What might happen?

While the three largest parties – LDK, VV, and PDK – are not in a pre-election coalition together, two of the three will probably be in a post-election coalition. If, however, the elections produce a Kosovo version of a political Tsunami in favour of one of the parties, it would be able to form a coalition government with the smaller parties.  Ramush Haradinaj’s AAK is in a pre-election coalition with Shpend Ahmeti and the PSD.  AAK’s former government coalition partners the liberal-leaning AKR (led by construction business magnate Behgjet Pacolli), has forged a pre-election coalition with NISMA Social Democratic Party, led by Fatmir Limaj, and the right-of-centre Justice Party (PD).

These smaller parties, including the ethnic minority community parties, will become significant players as the largest party casts around for governing coalition partners.  If PDK is the top seat winner (though unlikely), it will have no problem forging a coalition with anyone, as it has worked with almost all parties in government at one time or other – except VV.  Should VV win the highest number of seats it is highly improbable it would invite PDK into a coalition but would be warm to LDK as long as VV leader Albin Kurti gets the Prime Minister’s chair.  A VV and LDK coalition – depending on their total number of seats – may not need to coalesce with smaller parties unnecessary to form government – but they may be necessary as a validator of any future agreements with Serbia.

LDK can probably handle the actual negotiations alone. But for any subsequent agreement to be popularly acceptable, it would need the stamp of approval by former Kosovo Liberation Army (KLA) figureheads. NISMA’s leadership comprises several former commanders, and at one point most were members of PDK. NISMA would be a contender to be invited into a coalition, though it and its pre-election coalition partners will need to pass the 5 per cent threshold to earn seats in the Assembly.

AAK/PSD coalition also provides KLA figureheads, specifically in Ramush Haradinaj. However, Haradinaj’s ambitions may make a negotiation to form a coalition government difficult. Aside from that, having Haradinaj in a government negotiating with Serbia is problematic as his government imposed 100% tariffs on goods from Serbia and Bosnia and Herzegovina. He has taken personal ownership of the issue and staked his campaign on keeping the tariffs in place until Serbia gives significant concessions to Kosovo and its recognition of statehood. Aside from the tariff issue, Serbia views Haradinaj as a war criminal (despite being acquitted twice in the Hague), and they may not be inclined to concede much if he is in a coalition government even as a minister (should he agree to that).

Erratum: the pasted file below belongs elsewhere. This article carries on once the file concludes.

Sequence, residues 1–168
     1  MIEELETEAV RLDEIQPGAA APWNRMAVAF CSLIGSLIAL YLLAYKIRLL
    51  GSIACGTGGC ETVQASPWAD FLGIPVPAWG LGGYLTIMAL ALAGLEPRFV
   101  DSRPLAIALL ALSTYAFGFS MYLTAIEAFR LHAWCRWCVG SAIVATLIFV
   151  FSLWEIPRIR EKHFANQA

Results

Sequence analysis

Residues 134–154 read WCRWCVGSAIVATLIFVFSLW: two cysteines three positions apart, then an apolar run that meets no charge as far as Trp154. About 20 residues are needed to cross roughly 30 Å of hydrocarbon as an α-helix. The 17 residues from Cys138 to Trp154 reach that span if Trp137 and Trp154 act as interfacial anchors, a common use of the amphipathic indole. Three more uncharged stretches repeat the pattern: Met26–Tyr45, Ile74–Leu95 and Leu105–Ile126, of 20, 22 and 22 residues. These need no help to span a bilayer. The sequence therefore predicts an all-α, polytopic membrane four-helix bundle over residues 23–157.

Regardless who wins the most seats, the aftermath will be complicated as the negotiation to form a coalition government will involve much trading, posturing, and intrigue. And as things stand now, LDK leads in the polls, beyond the margin of error. Second place is occupied by VV though within the margin of error and possibly allowing for PDK to come second. Of course, on Sunday we will see if all these public domain polls reflect real voter action.  And for those of us that work on campaigns know, the ground game on election day and weather will determine who wins in a tight race.

One thing is sure: there are more twists and plot turns in Kosovo politics than in a Latin-American telenovela!

Carlo Binda, Vice President of BCI, has been conducting political opinion research for clients in Kosovo since 2008.  He is acutely attuned to the politics and perspectives of Kosovo.  As a former Senior Resident Director for NDI he had the privilege of witnessing the 2008 Declaration of Independence and working closely with Kosovo’s political leadership, before and after the establishment of the Republic of Kosovo.  Since leaving NDI in 2014 Carlo has remained active in Kosovo and an observer of its political development.